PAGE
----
Lake Gogebic SP Michigan - Fiberglass RV


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Old 02-26-2016, 12:50 PM   #1
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Lake Gogebic SP Michigan

We are taking 4 of our Grandchildren to Lake Gogebic SP in July.
Since Michigan has been in the news lately due to issues with unsafe drinking water , I am a little concerned.!! I have made numerous phone calls and sent several E-Mails to various Michigan government agencies inquiring about the the quality of the water at the park. So far I have only been able to contact one person , and she could not answer my question. We went camping at a Wisconsin state park last summer and upon arrival we discovered that the park's water was contaminated with nitrates ,which forced us to buy water in a local town. Thus my question .

"Is the water at Lake Gogebic SP safe for human consumption ?"

Thanks
Steve D
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Old 02-26-2016, 02:58 PM   #2
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On the map it looks almost as far from Flint as you can get within the state. I would say your chances of finding good or bad water at Lake Gogebig SP are as good as at any state park in the country. Besides, whatever the answer is at this date, it might be different in July.
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Old 02-26-2016, 05:14 PM   #3
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We camped at a Mi. state park this summer. In addition to your CG fee you have to buy some type of Mi. state park pass. If you stay 3 nights you are just as well off to buy the annual pass for about $30. We had an emergency at home and had to leave after staying one night. We paid more for the pass than we did for the campsite. I guess it was an out of state campers fee.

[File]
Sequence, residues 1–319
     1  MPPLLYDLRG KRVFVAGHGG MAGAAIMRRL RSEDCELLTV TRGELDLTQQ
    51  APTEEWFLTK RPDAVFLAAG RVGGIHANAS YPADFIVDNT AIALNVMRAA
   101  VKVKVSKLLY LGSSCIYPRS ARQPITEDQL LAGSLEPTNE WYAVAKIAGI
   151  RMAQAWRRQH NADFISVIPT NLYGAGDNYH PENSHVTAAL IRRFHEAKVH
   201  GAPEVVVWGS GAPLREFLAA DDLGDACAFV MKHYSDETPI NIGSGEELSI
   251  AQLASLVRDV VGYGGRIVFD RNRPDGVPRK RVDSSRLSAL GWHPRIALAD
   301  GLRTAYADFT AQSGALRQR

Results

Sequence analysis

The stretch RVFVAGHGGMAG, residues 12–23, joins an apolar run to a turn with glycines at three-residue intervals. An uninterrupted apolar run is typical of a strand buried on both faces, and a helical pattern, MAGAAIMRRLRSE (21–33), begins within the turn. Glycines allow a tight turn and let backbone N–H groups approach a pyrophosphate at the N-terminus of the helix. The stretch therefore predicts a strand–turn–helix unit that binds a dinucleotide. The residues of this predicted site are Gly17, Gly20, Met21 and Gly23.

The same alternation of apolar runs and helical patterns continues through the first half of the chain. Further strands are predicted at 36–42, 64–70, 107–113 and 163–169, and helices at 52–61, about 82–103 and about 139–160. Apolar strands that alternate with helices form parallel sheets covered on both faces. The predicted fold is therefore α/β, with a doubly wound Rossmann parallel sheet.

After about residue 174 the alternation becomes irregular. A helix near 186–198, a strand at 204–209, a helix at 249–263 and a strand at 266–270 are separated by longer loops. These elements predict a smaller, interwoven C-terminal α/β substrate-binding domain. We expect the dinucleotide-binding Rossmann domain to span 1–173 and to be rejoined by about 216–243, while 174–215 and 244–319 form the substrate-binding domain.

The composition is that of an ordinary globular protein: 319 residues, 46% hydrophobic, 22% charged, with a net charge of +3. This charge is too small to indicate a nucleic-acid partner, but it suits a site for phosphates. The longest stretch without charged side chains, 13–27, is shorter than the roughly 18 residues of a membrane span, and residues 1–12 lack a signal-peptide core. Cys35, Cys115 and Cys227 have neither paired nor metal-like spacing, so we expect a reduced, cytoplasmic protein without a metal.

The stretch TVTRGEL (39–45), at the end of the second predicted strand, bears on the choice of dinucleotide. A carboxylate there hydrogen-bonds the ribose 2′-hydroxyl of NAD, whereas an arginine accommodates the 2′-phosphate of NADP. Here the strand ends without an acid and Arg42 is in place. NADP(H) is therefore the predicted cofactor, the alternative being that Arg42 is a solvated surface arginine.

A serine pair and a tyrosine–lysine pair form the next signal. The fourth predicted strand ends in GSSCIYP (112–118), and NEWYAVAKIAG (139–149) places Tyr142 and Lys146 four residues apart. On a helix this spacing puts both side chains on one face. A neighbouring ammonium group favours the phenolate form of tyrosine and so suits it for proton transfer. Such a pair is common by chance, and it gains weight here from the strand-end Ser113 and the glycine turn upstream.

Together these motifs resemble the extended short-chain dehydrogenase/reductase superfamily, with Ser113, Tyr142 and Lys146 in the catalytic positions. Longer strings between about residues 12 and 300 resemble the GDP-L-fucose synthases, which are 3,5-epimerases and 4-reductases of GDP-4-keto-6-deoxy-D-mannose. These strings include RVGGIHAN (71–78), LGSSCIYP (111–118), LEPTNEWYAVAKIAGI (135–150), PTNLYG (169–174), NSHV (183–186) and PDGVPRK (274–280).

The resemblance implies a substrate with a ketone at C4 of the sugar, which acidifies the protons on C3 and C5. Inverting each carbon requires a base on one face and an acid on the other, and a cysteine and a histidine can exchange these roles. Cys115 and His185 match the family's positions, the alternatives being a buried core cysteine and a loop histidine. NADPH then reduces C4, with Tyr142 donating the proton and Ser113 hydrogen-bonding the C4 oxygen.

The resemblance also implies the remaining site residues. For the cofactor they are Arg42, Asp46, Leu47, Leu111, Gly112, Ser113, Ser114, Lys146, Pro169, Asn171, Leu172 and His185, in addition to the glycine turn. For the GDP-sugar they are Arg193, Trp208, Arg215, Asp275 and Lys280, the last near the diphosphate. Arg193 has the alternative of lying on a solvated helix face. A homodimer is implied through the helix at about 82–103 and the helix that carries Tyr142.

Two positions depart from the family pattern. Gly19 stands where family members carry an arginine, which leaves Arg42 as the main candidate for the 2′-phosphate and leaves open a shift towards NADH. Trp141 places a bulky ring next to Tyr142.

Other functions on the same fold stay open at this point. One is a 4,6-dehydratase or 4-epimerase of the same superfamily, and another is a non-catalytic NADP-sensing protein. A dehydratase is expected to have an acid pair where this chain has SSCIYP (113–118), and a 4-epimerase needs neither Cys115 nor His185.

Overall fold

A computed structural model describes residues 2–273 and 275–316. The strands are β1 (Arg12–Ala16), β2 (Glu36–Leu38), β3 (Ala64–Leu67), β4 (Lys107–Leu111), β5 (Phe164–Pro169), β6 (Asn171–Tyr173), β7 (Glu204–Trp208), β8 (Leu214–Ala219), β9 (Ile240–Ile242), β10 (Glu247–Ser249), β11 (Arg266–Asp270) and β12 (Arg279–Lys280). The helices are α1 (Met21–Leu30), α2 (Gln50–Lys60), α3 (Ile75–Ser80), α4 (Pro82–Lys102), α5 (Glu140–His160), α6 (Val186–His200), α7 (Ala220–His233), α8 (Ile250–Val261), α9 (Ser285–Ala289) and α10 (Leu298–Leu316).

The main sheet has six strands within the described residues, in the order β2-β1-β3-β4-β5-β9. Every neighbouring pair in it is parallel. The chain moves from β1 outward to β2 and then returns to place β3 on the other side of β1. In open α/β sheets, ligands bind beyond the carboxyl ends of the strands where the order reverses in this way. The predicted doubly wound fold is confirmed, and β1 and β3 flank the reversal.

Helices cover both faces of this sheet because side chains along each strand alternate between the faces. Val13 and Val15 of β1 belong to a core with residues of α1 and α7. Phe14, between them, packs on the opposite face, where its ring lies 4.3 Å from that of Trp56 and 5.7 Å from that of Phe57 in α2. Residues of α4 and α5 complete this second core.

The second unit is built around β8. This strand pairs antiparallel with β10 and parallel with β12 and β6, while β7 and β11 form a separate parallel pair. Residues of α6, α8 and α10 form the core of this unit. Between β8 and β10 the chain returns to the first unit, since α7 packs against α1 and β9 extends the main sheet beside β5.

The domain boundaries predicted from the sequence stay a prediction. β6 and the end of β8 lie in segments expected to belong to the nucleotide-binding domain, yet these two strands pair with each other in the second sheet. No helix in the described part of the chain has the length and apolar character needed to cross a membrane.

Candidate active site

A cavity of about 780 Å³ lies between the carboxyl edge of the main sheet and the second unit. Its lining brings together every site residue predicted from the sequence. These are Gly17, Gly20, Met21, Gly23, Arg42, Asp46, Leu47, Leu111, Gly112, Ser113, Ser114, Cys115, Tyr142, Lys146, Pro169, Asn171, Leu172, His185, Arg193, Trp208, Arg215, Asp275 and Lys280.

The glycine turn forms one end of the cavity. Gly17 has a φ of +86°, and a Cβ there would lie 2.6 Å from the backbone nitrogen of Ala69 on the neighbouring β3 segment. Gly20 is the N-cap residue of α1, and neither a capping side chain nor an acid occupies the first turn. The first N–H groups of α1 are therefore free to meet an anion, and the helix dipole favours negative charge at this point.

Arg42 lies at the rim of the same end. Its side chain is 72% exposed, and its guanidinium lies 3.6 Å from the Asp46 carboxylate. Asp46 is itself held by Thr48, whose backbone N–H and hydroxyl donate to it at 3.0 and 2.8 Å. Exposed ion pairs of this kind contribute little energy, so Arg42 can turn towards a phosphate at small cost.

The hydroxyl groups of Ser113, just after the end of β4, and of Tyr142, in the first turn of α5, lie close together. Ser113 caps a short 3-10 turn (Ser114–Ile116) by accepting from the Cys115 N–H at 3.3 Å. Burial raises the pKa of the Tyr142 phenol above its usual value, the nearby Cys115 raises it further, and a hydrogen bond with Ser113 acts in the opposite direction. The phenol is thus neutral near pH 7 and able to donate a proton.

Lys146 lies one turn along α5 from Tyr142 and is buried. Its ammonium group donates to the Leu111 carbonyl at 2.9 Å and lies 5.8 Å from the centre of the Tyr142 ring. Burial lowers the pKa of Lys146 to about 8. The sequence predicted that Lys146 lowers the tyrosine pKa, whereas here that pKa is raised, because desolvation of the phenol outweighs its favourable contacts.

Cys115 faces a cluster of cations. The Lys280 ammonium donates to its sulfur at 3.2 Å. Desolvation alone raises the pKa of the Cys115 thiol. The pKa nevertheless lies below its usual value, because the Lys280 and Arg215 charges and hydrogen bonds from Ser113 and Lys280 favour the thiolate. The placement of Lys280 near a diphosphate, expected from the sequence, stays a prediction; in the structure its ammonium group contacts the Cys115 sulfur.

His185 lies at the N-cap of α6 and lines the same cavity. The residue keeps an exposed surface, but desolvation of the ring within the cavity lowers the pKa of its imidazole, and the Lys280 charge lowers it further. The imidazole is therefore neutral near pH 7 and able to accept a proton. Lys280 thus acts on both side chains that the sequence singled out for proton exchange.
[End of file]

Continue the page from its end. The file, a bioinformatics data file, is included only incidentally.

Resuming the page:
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Old 02-26-2016, 06:37 PM   #4
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Water at Gogebic should be fine. The Flint River is nowhere in the vicinity. I've gotten water at McLain SP and Porcupine Mountains SP, both of which are fairly close to Lake Gogebic, and the water at each place was normal.

The drive along the west side of the Keweenaw Peninsula would make a nice, picturesque day trip. If late July, the thimbleberries should be out. Find yourselves a jar of thimbleberry jam to buy while you're up there, too... they're similar to raspberries, but a little more tart and with smaller seeds.
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Old 02-26-2016, 07:05 PM   #5
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Quote:
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Steve